The High Court has told a solicitor who accidentally exercised higher rights of audience without the formal qualification to do so “to put his house in order”.
Mr Justice Mostyn rejected an application for judicial review by Dele Ogun of the Solicitors Regulation Authority’s (SRA) declaration that he was not entitled to exercise higher rights.
Mr Ogun, who first qualified as a barrister in 1985, has been a solicitor since 1995 and a partner at small City firm Akin Palmer. He also runs a firm called Ogun in Nigeria.
Having applied in 2005 for higher rights, Mr Ogun successfully completed the required advocacy assessment with BPP the following year, and received a certificate.
Mostyn J said the solicitor then concluded “that he had been awarded the qualification by an agent of the Law Society, namely BPP”. He did not apply to the pre-SRA Law Society for a certificate to that effect.
Mr Ogun has since “regularly appeared for clients in the higher courts”, but the question of his right to do so was questioned by the opposing party in an arbitration appeal heard in the Commercial Court last year.
This led to an investigation by the SRA and its decision that his failure to apply for the higher rights of audience qualification meant he was not entitled to exercise civil higher rights of audience.
Noting the SRA’s costs of £18,000 and Mr Ogun’s own costs of over £36,000 – more than 60 hours of work at his normal hourly charging rate of £350 – Mostyn J said: “I have to say that this litigation appears completely disproportionate when one has in mind that in order to rectify the imperfect situation in which he finds himself, all the claimant had to do was to attend a two-day advocacy course at a cost of about £600 including VAT; fill in a form; pay a fee of £75; and pay the cost of postage to the SRA.
“I have no doubt that the grant of the qualification would have been a formality. Yet the matter has proceeded to this final, expensive trial because the claimant says that to him it is an issue of high principle.”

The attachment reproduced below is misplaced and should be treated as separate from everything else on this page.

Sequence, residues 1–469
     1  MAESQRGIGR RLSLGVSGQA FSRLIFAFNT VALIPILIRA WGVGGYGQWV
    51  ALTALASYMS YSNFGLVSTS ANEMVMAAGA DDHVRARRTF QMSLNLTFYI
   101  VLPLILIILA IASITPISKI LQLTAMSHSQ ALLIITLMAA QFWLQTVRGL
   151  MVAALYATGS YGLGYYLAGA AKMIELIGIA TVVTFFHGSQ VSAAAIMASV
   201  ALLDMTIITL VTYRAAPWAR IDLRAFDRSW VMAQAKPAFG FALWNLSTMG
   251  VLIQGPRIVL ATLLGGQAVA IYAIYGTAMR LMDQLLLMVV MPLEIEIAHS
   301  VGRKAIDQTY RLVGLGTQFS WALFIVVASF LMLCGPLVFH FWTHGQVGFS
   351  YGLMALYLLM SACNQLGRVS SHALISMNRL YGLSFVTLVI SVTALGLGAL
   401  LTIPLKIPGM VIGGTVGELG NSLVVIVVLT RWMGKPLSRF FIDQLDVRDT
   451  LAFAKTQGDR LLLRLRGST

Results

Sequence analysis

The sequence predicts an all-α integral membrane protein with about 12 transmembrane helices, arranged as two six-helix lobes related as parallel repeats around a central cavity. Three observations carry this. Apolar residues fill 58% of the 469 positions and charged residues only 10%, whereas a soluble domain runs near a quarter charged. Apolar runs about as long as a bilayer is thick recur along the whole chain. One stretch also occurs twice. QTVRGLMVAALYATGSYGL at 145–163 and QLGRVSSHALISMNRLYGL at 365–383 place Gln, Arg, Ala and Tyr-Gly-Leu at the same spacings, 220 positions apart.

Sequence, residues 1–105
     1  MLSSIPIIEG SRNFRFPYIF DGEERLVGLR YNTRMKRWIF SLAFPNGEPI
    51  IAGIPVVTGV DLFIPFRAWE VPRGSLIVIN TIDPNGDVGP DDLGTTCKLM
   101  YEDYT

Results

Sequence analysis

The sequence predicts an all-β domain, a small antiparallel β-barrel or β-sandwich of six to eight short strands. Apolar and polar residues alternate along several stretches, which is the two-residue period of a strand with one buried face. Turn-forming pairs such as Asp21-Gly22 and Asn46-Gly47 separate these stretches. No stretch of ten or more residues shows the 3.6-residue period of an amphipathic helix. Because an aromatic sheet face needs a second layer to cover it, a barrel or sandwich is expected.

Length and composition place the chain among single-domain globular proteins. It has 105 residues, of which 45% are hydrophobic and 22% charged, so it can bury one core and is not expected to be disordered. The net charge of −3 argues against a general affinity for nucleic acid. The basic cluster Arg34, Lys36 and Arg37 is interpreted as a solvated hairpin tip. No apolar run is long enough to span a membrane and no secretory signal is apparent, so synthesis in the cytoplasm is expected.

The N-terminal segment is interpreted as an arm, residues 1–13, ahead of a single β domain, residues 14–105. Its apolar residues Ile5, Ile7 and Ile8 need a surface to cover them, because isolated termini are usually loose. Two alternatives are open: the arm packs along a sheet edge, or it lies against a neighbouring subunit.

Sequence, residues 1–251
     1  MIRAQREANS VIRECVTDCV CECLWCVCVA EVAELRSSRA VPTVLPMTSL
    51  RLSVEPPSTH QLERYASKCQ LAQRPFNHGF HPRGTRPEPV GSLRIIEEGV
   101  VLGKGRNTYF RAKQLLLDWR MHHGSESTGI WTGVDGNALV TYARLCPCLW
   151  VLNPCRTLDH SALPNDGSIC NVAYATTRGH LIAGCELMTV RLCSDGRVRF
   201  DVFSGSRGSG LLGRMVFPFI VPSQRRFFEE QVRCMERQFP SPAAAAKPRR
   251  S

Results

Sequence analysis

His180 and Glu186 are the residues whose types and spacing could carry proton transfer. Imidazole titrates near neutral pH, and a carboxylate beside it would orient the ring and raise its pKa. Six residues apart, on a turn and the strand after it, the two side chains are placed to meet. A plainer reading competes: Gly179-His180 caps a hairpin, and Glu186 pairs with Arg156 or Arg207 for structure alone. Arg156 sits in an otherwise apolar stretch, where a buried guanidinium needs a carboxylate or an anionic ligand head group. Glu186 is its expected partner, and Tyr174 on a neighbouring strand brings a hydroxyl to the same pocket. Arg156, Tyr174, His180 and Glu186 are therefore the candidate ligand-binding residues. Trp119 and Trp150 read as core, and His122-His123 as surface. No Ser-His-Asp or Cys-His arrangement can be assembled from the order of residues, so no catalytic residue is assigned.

The judge reached “the clear conclusion” that Mr Ogun’s case was untenable, rejecting his interpretation of the Law Society rules that then applied.
“Following the successful completion of the advocacy course on 25 May 2006, it was incumbent on the claimant to have applied to the Society for the formal grant or award of the qualification,” Mostyn J found.
“But the claimant never did so, and it follows that he has, by virtue of an administrative error on his part – an innocent mistake, it is accepted – been exercising rights of audience in the higher courts for over 12 years without having the formal qualification to do so.
“He now needs to put his house in order by taking the steps I have mentioned above.”
The judge refused permission to appeal and ordered Mr Ogun to pay the SRA’s costs in full.
The solicitors and counsel instructed by the SRA – Capsticks and Daniel Benedyk of 39 Essex – took the case on a fixed fee.
The judge said: “I have to say that that is a very commendable way of proceeding. Indeed, the reasonableness of their charges are to be compared to the hourly charging rate cost referred to in my judgment generated by the claimant of over £36,000.”
Mr Ogun told Legal Futures that the case in question – he acted for Asset Management Corporation of Nigeria in unsuccessfully challenging an arbitration award made against it – was actually the first time he had appeared as an advocate in the High Court.
He said the only reason he decided to conduct the case himself was because he had argued the arbitration hearing, which concerned Nigerian law.
Mr Ogun pointed to the SRA’s failure to produce a copy of version 1 of the guidance notes for solicitors applying for higher rights of audience; the court had to make do with version 2, published in March 2005.
Mostyn J said: “The claimant says I should not assume that his application was made after those notes were published. Unfortunately, version 1 cannot now be located. It is, however, highly likely… that version 1 was in the same terms as version 2.”
Mr Ogun said this meant the case was decided “on an assumption rather than evidence”.
He added that his argument was that, as the Law Society had appointed BPP as its agent to do what the regulations required the Law Society to do – ie, to satisfy itself of his competence, “the Law Society had granted me the qualification”.
He said his time costs were actually £31,462, “and I spent the time that I did on the matter because the SRA repeatedly changed their case”.